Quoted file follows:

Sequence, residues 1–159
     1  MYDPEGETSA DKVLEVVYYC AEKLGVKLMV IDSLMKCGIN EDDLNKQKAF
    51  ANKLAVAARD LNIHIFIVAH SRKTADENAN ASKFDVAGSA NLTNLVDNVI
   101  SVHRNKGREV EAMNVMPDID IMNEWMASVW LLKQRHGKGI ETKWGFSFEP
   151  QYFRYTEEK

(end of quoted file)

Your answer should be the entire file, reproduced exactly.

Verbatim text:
Sequence, residues 1–159
     1  MYDPEGETSA DKVLEVVYYC AEKLGVKLMV IDSLMKCGIN EDDLNKQKAF
    51  ANKLAVAARD LNIHIFIVAH SRKTADENAN ASKFDVAGSA NLTNLVDNVI
   101  SVHRNKGREV EAMNVMPDID IMNEWMASVW LLKQRHGKGI ETKWGFSFEP
   151  QYFRYTEEK